Friday, May 23, 2014

Stiff: The Curious Lives of Human Cadavers

by Mary Roach
295 pgs

Mary Roach is one of only a handful of author who periodically draw me into reading non-fiction. My primary reason for reading is entertainment, and typically non-fiction book are written more to enlighten and educate than they are to entertain. But Mary Roach always does a fantastic job of presenting her research on a topic in a highly enjoyable manner, and if I happen to learn something as well, that's just a bonus as far as I'm concerned.

In Stiff, Roach describes the various uses mankind has come up with for human cadavers. From being used to understand and investigate the causes of airplane crashes, to training future plastic surgeons on the techniques they need to master to perform a rhinoplasty. They're used to improve the safety of automobiles, and their decomposition rates are studied under various conditions to help forensic specialists better determine the time of death for murder victims. She also details the burial, cremation, and up-and-coming (and environmentally-friendly) composting practices for the disposal of the dead.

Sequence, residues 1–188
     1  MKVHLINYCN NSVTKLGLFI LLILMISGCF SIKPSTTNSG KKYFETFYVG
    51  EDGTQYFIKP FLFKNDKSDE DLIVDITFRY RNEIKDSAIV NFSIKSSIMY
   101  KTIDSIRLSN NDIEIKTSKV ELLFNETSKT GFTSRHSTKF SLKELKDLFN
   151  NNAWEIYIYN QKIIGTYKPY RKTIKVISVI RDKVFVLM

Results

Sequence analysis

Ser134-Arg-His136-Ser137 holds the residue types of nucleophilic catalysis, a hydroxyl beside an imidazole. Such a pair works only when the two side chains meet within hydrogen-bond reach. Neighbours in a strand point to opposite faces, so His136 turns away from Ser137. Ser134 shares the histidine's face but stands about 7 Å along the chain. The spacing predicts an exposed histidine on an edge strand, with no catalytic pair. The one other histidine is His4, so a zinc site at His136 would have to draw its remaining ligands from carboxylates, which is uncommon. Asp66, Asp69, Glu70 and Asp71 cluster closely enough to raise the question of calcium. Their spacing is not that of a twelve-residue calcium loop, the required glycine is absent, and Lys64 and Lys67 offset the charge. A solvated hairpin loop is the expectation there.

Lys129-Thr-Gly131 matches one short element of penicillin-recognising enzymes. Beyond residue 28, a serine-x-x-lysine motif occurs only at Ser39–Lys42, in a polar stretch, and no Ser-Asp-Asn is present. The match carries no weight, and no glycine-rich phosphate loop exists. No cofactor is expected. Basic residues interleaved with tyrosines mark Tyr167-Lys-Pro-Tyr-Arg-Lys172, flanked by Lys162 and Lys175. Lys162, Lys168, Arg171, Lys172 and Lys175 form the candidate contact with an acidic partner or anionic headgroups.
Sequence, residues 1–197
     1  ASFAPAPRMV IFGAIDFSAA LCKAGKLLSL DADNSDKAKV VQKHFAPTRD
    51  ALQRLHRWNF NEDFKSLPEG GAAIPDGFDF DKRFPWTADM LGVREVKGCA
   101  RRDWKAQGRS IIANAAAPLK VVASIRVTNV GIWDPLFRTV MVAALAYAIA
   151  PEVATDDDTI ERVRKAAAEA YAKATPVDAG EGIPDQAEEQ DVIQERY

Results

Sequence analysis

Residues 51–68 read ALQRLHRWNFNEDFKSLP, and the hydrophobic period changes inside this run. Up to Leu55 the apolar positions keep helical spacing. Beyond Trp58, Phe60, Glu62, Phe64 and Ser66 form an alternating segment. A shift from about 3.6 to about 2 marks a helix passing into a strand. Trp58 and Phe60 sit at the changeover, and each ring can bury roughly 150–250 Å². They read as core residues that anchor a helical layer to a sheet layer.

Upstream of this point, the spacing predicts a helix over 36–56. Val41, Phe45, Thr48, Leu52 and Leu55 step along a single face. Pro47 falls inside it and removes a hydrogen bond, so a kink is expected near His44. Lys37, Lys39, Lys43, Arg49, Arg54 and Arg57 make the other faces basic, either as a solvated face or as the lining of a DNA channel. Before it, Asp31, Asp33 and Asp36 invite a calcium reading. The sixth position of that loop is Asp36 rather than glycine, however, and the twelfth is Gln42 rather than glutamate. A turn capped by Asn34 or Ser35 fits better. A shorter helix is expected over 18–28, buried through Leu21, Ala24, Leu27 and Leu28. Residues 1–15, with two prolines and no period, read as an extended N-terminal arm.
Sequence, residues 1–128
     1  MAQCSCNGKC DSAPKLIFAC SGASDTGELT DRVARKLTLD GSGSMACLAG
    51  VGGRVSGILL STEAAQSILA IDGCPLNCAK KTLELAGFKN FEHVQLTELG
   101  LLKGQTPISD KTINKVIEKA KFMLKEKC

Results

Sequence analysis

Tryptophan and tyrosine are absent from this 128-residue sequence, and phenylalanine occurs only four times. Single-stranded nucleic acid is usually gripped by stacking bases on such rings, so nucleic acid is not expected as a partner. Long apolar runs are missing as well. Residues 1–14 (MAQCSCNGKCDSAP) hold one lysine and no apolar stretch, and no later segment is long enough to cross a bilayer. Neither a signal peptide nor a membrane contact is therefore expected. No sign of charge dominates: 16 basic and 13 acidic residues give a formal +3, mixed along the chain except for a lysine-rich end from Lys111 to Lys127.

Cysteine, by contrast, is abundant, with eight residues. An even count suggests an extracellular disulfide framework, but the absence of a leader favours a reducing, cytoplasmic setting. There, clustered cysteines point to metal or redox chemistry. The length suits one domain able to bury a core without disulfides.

Roach has a light-hearted, but sensitive approach when discussing the usefulness of human cadavers. She describes the tremendous benefits society has gained because of them, and she makes a compelling argument for donating one's body after death for the furthering of our knowledge and benefiting those we leave behind.

★ ★ ★ ☆ ☆

No comments:

Post a Comment